Top 10 Worst Lands in Magic: The Gathering
Playing Lands in Magic
Lands are the backbone of just about any Magic deck, providing the mana needed for your actual spells. You can only play one per turn, gradually amassing resources as the game progresses, and many have additional abilities beyond providing mana. But even basic lands far outperform some of the game's worst terrain—which should you avoid at all costs? These are the ten worst land cards in Magic: The Gathering!
10. Untaidake, the Cloud Keeper
Untaidake enters tapped, can only provide colorless, spends two life to do so, and is legendary, so you can only control one (as if you'd want multiple).
Its one saving grace is that it gives two colorless at a time, but this is quickly overshadowed by the fact that you can only spend this mana on legendary cards. While I like that this includes all legendaries (not just creatures), it's still too restricted to counteract the card's lifeloss, colorless nature, and delay.
Maybe you might see it in a "Captain Sisay" EDH deck, where players have more starting life to fiddle with, but even in it's preferred environment, many still pass on Untaidake.
9. Hall of the Bandit Lord
Hall has similar problems to Untaidake—it enters tapped, only gives colorless, is legendary, and spends life to tap, this time draining three with each use! You can use Hall's mana for any kind of spell, but if devoted towards a creature, it gains haste.
While this helps avoid summoning sickness, it's far too costly to be practical—better haste-giving land alternatives include "Hanweir Battlements" and "Flamekin Village".
8. Rhystic Cave
Rhystic Cave enters untapped and can give any color you need—what's the problem? Well, an opponent can prevent you from gaining anything by spending one mana, meaning Cave only really works when rivals are all tapped out. That's far too unreliable to count on, especially in multiplayer.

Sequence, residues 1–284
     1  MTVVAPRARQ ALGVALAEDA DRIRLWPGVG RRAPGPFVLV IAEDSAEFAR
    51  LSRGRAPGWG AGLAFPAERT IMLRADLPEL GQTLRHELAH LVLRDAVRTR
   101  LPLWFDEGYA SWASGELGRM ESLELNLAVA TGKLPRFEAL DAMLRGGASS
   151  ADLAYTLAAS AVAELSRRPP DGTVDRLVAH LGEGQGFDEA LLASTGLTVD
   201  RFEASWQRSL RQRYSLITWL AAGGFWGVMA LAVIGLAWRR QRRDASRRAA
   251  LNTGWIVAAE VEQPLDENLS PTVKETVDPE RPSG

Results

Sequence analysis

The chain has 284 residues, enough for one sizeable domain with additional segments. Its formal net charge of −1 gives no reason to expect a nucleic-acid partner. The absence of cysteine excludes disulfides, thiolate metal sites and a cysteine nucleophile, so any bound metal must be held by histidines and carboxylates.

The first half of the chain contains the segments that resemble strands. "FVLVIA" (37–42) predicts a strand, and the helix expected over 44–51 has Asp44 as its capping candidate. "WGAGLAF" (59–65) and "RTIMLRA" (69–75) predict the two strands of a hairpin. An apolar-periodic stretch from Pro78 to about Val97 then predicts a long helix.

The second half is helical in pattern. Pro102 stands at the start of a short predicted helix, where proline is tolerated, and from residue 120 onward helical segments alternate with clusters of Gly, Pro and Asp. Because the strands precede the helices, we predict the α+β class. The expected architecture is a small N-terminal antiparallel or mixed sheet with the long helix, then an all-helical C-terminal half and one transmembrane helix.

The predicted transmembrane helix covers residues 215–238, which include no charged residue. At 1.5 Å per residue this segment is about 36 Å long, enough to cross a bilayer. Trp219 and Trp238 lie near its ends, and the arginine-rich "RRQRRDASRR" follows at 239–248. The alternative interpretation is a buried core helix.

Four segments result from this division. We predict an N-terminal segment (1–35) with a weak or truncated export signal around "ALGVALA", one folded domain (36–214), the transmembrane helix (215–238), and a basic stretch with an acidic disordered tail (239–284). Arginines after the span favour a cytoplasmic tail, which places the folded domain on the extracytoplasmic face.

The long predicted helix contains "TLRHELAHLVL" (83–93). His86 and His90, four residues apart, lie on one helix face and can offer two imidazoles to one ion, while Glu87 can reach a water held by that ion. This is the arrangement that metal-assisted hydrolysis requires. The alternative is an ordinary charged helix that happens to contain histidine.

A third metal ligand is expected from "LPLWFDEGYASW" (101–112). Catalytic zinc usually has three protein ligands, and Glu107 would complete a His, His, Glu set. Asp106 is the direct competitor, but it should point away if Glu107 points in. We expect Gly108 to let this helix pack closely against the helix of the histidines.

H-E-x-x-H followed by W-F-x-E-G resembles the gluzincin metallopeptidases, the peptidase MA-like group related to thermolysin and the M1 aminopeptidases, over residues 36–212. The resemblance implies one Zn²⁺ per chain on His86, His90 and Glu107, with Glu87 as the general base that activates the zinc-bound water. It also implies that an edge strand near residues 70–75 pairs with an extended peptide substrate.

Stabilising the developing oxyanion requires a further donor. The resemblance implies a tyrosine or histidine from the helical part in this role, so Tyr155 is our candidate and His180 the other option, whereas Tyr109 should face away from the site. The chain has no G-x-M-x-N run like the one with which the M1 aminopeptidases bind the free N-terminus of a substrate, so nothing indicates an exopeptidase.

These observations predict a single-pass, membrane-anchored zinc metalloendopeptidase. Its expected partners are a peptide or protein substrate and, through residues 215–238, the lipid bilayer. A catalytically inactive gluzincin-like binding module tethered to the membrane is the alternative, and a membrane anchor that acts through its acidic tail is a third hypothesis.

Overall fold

7. Madblind Mountain
Despite not being basic, Madblind does have the mountain subtype and can exhaust for red, which is nice. But it enters tapped, a big detriment to red decks, which usually rely on speedy aggression to quickly defeat foes.
The only benefit Madblind offers to counteract its delay is the ability to spend one red and tap to shuffle your deck. But that's rarely worthwhile—it only helps if you know what's on top and want to change it, and you can't use the effect unless you control at least two red permanents.
6. Tomb of Urami
Urami's legendary, so you can only safely control one, but why bother when it's so bad? It can tap immediately for black like a basic swamp, but doing so inflicts one damage to you, gradually dwindling your life.
Urami's secondary ability lets it instead pay four, tap, and sacrifice all lands you control to create a legendary 5/5 demon spirit token with flying. Sure, that's a pretty strong creature, but it requires several mana and completely wipes your field of lands, far too risky to justify Urami's lifeloss.
5. Wintermoon Mesa
Mesa enters tapped and can only tap for one colorless, making it slow and useless for color-fixing. Its second effect doesn't help much, letting you spend two and sacrifice it to tap two other lands (presumably opposing ones).